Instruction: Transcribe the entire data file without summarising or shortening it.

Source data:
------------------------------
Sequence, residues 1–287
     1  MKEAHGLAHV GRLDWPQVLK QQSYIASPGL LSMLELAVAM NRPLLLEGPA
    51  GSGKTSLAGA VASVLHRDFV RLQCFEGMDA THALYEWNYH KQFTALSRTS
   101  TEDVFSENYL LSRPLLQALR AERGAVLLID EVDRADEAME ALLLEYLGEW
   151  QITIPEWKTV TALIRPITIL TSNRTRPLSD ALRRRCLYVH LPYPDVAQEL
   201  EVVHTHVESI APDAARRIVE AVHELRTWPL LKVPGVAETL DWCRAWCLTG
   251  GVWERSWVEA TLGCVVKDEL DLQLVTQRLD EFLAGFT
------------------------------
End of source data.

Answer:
Sequence, residues 1–287
     1  MKEAHGLAHV GRLDWPQVLK QQSYIASPGL LSMLELAVAM NRPLLLEGPA
    51  GSGKTSLAGA VASVLHRDFV RLQCFEGMDA THALYEWNYH KQFTALSRTS
   101  TEDVFSENYL LSRPLLQALR AERGAVLLID EVDRADEAME ALLLEYLGEW
   151  QITIPEWKTV TALIRPITIL TSNRTRPLSD ALRRRCLYVH LPYPDVAQEL
   201  EVVHTHVESI APDAARRIVE AVHELRTWPL LKVPGVAETL DWCRAWCLTG
   251  GVWERSWVEA TLGCVVKDEL DLQLVTQRLD EFLAGFT